WASHINGTON, DC – The US Government has yet again shuttered several domain names this week. The Department of Justice and Homeland Security’s ICE office proudly announced that they had seized domains related to counterfeit goods and child pornography. What they failed to mention, however, is that one of the targeted domains belongs to a free DNS provider, and that 84,000 websites were wrongfully accused of links to child pornography crimes.

As part of “Operation Save Our Children” ICE’s Cyber Crimes Center has again seized several domain names, but not without making a huge error. Last Friday, thousands of site owners were surprised by a rather worrying banner that was placed on their domain.

“Advertisement, distribution, transportation, receipt, and possession of child pornography constitute federal crimes that carry penalties for first time offenders of up to 30 years in federal prison, a $250,000 fine, forfeiture and restitution,” was the worrying message they read on their websites.

As with previous seizures, ICE convinced a District Court judge to sign a seizure warrant, and then contacted the domain registries to point the domains in question to a server that hosts the warning message. However, somewhere in this process a mistake was made and as a result the domain of a large DNS service provider was seized.

The domain in question is mooo.com, which belongs to the DNS provider FreeDNS. It is the most popular shared domain at afraid.org and as a result of the authorities’ actions a massive 84,000 subdomains were wrongfully seized as well. All sites were redirected to the banner below.
This banner was visible on the 84,000 sites

CP banner

The FreeDNS owner was taken by surprise and quickly released the following statement on their website. “Freedns.afraid.org has never allowed this type of abuse of its DNS service. We are working to get the issue sorted as quickly as possible.”

Eventually, on Sunday the domain seizure was reverted and the subdomains slowly started to point to the old sites again instead of the accusatory banner. However, since the DNS entries have to propagate, it took another 3 days before the images disappeared completely.

Most of the subdomains in question are personal sites and sites of small businesses. A search on Bing still shows how innocent sites were claimed to promote child pornography. A rather damaging accusation, which scared and upset many of the site’s owners.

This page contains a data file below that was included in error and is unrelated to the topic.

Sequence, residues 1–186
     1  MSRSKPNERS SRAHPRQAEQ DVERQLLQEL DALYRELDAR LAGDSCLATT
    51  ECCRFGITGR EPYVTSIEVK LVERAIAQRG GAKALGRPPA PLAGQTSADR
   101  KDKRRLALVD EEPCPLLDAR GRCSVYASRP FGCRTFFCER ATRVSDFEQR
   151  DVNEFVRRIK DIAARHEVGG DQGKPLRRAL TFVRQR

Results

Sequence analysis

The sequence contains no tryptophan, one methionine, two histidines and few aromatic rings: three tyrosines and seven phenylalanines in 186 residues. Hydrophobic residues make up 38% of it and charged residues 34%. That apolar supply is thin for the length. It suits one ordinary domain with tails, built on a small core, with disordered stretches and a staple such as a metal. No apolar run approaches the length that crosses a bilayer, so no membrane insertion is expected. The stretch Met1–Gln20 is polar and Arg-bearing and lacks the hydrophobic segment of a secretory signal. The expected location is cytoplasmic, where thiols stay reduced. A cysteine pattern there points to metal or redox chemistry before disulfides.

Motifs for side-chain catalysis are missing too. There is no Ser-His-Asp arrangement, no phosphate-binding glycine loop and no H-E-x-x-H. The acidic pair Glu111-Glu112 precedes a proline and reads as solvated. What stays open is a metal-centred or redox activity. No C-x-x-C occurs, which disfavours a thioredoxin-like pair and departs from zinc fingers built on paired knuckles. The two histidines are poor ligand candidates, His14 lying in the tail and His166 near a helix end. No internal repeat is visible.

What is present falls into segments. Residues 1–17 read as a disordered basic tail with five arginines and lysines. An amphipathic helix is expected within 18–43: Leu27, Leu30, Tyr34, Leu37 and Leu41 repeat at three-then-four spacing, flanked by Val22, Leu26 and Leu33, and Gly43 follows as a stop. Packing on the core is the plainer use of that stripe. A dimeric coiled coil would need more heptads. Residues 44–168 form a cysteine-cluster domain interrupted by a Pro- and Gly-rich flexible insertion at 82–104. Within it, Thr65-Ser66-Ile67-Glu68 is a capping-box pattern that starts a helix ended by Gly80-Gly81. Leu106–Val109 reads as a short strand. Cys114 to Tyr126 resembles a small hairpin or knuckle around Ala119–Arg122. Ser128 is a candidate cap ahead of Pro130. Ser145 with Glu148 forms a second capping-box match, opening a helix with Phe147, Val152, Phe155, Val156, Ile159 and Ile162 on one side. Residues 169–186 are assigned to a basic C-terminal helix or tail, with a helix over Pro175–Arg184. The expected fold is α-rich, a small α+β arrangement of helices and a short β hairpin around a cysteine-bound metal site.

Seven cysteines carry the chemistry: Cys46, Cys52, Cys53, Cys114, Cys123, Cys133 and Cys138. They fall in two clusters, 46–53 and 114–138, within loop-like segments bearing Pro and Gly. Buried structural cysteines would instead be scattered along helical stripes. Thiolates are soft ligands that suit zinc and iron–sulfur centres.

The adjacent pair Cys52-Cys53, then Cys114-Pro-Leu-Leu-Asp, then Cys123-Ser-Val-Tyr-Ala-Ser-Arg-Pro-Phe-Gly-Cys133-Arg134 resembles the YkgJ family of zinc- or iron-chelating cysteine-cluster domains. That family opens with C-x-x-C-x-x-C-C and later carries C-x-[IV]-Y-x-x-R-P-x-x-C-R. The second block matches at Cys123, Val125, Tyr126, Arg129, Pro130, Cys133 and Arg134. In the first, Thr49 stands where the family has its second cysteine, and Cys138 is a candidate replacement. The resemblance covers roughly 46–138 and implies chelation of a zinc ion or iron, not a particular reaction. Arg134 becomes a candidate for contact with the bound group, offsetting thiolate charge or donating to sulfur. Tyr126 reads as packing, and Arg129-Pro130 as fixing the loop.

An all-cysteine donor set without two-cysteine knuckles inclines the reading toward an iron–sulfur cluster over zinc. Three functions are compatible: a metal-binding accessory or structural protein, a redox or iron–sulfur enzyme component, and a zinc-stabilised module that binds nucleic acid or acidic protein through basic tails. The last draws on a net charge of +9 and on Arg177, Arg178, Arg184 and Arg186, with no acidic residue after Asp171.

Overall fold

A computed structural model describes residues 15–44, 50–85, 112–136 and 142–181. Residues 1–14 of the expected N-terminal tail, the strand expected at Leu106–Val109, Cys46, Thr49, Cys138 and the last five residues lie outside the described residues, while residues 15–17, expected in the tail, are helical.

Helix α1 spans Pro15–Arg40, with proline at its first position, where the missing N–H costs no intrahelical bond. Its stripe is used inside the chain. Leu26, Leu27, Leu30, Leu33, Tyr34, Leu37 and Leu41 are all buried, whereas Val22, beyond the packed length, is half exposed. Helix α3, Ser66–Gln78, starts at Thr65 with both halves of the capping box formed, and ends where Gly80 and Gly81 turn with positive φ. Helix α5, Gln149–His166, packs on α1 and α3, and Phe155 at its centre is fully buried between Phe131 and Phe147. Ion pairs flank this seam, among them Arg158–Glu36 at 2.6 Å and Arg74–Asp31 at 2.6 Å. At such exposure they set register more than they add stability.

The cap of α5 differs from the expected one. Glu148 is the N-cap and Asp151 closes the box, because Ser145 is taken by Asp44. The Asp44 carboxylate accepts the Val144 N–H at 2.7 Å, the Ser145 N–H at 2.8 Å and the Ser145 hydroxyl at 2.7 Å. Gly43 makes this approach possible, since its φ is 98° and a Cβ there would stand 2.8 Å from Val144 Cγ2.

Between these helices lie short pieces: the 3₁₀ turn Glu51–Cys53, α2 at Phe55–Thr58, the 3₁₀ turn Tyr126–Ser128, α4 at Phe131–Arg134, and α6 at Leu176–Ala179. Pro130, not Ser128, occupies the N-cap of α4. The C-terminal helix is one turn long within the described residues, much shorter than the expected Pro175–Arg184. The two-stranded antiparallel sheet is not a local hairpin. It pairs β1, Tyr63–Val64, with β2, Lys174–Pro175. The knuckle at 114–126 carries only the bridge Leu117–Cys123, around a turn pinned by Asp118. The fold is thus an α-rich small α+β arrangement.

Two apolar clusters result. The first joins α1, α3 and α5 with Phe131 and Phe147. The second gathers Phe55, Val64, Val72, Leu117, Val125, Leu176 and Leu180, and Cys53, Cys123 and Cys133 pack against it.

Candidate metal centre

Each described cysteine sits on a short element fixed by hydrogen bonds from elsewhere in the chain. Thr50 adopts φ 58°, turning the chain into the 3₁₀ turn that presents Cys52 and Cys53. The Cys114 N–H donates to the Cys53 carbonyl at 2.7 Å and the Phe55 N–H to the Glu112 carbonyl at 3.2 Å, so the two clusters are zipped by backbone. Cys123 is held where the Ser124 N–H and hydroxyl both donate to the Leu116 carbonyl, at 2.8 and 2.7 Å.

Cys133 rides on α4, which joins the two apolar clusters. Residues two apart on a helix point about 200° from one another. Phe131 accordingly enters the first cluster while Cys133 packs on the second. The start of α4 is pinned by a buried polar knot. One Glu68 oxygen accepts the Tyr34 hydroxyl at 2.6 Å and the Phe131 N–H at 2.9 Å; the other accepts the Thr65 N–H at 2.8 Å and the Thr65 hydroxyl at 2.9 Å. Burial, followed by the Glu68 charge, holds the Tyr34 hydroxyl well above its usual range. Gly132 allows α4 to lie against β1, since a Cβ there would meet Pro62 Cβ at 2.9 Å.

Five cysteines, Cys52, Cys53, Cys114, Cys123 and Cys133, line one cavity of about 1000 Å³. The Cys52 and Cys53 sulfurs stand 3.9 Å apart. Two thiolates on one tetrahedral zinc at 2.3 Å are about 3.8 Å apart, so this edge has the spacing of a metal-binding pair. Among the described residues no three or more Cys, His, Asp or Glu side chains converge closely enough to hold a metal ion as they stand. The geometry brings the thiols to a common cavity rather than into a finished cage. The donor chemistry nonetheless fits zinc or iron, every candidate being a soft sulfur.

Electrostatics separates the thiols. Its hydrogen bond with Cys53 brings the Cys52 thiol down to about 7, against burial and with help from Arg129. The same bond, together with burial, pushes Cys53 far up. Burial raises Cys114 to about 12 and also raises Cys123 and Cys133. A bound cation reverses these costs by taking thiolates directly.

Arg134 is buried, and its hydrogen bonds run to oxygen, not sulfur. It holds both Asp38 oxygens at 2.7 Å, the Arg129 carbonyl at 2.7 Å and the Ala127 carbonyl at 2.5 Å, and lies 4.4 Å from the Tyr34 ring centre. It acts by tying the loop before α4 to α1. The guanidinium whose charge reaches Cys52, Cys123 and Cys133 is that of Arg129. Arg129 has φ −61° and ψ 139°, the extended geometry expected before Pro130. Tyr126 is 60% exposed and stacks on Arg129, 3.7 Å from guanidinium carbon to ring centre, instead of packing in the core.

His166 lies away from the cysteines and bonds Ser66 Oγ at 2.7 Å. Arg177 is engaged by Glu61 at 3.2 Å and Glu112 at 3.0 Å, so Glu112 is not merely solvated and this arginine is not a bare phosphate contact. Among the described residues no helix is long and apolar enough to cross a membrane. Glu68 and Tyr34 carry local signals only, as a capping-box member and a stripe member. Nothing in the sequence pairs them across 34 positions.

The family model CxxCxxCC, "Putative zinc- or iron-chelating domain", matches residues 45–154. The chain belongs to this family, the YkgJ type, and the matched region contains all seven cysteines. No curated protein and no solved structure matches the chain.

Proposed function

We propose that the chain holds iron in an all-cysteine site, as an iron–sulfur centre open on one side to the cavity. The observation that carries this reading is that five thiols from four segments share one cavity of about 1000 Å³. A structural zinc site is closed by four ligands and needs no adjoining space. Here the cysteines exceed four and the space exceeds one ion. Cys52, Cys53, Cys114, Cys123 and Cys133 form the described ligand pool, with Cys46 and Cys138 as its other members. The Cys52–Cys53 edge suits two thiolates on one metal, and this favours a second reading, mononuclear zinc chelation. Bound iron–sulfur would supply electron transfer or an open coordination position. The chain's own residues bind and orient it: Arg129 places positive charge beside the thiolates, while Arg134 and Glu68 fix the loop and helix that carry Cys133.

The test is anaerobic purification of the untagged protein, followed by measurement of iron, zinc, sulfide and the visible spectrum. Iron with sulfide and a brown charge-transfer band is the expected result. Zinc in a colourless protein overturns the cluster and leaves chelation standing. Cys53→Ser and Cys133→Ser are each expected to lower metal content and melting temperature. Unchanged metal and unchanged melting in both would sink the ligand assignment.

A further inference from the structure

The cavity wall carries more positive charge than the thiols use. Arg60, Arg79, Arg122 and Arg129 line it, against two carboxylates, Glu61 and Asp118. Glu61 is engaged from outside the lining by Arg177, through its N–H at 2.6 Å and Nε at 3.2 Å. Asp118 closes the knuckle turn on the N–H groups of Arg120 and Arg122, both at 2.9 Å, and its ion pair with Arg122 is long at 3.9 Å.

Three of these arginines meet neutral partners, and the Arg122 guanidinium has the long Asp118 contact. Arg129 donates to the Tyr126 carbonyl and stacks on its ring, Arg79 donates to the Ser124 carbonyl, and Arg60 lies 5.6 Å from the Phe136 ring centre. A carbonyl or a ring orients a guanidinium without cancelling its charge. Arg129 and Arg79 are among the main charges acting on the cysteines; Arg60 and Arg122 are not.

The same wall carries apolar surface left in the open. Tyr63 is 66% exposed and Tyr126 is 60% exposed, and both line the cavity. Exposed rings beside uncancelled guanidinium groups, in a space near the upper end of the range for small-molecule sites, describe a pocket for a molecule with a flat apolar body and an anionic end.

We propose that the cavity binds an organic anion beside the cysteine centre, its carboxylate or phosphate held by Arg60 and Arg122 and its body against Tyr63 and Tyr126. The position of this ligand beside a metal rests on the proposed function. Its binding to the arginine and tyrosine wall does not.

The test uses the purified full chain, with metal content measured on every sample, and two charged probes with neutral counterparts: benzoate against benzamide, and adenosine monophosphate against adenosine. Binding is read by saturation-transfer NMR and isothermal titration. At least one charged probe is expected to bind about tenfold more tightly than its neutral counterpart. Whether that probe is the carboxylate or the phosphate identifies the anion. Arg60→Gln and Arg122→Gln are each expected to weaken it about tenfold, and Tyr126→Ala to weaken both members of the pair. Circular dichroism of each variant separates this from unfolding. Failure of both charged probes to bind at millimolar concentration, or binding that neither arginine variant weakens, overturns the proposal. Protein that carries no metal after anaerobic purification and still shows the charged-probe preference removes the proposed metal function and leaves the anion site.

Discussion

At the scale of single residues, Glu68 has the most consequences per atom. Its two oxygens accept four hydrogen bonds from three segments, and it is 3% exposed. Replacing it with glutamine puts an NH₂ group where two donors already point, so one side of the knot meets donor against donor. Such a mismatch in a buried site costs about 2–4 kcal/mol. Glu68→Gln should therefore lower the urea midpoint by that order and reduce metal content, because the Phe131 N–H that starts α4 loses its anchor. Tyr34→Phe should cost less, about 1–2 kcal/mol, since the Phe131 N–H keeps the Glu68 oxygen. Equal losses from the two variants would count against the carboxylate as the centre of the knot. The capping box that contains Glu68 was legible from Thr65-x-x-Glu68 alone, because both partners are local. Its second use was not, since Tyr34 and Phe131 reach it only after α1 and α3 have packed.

One of the customers quickly went out to assure visitors that his site was not involved in any of the alleged crimes.

“You can rest assured that I have not and would never be found to be trafficking in such distasteful and horrific content. A little sleuthing shows that the whole of the mooo.com TLD is impacted. At first, the legitimacy of the alerts seems to be questionable — after all, what reputable agency would display their warning in a fancily formatted image referenced by the underlying HTML? I wouldn’t expect to see that.”

Even at the time of writing people can still replicate the effect by adding “74.81.170.110 mooo.com” to their hosts file as the authorities have not dropped the domain pointer yet. Adding mooo.com will produce a different image than picking a random domain (child porn vs. copyright), which confirms the mistake.

Although it is not clear where this massive error was made, and who’s responsible for it, the Department of Homeland security is conveniently sweeping it under the rug. In a press release that went out a few hours ago the authorities were clearly proud of themselves for taking down 10 domain names.

However, DHS conveniently failed to mention that 84,000 websites were wrongfully taken down in the process, shaming thousands of people in the process.

“Each year, far too many children fall prey to sexual predators and all too often, these heinous acts are recorded in photos and on video and released on the Internet,” Secretary of Homeland Security Janet Napolitano commented.

“DHS is committed to working with our law enforcement partners to shut down websites that promote child pornography to protect these children from further victimization,” she added.

A noble initiative, but one that went wrong, badly. The above failure again shows that the seizure process is a flawed one, as has been shown several times before in earlier copyright infringement sweeps. If the Government would only allow for due process to take place, this and other mistakes wouldn’t have been made.